Going beyond diet and medication
That exercise can help control diabetes is a no-brainer. It helps you burn unwanted calories and lose weight. Says Dr Anoop Misra, endocrinologist and chairman, Fortis C-DOC Hospital, New Delhi, “Physical activity increases the rate at which glucose in the blood is taken up by the muscle cells. This happens as the efficiency of cellular transport vehicle for glucose (GLUT-4) increases, in turn improving insulin sensitivity and lowering blood glucose.” Experts recommend a combination of cardio and strength training for best results. “An hour of exercise daily—including 30 minutes of aerobic exercises or other cardio workouts such as burpees, jump rope, 15 minutes of walking and around 10 to 15 minutes of resistance training, incorporated through the day—is ideal,” adds Misra.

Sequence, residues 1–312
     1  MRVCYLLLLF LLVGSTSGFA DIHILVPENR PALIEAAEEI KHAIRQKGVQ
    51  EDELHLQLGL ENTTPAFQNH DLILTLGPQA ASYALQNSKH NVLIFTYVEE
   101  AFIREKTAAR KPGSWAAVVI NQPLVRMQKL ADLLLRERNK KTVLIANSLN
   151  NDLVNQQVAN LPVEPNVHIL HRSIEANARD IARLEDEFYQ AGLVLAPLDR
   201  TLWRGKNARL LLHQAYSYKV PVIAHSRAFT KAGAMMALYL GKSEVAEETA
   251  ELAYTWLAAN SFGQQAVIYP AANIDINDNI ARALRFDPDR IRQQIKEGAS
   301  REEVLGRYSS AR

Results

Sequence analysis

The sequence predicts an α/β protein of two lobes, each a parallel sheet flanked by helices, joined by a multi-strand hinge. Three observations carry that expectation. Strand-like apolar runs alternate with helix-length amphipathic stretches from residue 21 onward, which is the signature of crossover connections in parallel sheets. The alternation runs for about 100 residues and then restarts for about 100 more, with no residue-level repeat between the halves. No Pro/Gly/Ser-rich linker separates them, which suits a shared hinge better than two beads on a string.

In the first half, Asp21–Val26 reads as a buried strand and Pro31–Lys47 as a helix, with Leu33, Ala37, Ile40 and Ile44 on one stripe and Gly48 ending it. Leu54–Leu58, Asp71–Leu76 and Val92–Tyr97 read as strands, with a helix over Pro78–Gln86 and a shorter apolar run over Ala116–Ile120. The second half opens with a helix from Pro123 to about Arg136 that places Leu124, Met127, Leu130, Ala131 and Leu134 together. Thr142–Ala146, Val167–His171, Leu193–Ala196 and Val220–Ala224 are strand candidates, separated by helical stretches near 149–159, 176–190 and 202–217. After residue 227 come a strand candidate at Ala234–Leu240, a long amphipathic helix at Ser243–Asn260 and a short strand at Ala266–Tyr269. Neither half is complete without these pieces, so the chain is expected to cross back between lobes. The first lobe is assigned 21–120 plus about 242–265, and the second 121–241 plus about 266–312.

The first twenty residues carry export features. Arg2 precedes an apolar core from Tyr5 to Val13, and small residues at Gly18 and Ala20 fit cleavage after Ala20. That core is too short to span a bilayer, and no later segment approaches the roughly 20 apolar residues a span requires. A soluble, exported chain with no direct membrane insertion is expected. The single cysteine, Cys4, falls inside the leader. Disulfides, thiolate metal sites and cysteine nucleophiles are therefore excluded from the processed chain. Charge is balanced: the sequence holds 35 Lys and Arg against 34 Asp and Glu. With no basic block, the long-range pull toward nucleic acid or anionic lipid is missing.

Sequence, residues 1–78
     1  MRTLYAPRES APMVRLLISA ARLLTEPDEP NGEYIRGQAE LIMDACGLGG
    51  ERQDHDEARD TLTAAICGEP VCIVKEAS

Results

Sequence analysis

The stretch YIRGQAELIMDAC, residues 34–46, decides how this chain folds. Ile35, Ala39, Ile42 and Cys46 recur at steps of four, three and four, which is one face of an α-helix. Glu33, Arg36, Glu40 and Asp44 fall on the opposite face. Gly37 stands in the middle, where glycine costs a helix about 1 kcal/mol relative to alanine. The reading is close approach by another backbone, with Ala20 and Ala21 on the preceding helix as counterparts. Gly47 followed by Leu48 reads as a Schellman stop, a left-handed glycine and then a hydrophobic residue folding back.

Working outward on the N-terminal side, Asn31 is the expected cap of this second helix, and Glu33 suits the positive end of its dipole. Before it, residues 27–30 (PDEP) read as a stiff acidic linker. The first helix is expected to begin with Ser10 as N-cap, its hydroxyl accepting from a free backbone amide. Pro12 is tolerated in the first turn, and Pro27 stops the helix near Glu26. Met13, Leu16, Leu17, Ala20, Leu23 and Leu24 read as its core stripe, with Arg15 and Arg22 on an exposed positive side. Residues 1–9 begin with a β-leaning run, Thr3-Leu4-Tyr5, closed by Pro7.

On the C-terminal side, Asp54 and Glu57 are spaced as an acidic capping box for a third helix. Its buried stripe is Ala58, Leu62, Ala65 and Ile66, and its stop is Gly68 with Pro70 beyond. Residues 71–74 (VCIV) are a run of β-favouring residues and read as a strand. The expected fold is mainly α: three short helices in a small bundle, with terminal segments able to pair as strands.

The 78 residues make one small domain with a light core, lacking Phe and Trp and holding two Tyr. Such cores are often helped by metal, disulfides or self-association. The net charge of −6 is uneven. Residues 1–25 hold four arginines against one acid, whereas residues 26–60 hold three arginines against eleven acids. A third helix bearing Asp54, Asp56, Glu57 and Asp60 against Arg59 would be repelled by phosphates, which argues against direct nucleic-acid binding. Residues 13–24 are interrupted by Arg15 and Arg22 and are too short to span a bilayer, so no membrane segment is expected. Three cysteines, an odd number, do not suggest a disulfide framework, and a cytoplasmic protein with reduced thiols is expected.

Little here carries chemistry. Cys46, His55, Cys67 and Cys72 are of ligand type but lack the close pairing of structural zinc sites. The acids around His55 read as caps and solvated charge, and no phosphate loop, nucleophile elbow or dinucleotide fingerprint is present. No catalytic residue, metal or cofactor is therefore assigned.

Latest research findings have shed light on the effects of sleep—or a lack of it—on weight gain and blood sugar control. Data shows that obesity is most common among those getting less than six hours of sleep a night. Other studies point to a possible link between inadequate or poor quality sleep to an increased risk of type 2 diabetes.
Chronic grinding stress can increase your chances of developing type 2 diabetes, especially if you’re genetically susceptible. Why? Because when your body is under stress, it releases glucose (sugar). A healthy pancreas recognizes this rise in sugar and secretes insulin in response. But in a person with diabetes, it is unable to do so. Also the stress hormone cortisol triggers cravings for high-fat, high-sugar comfort foods, expanding your waistline.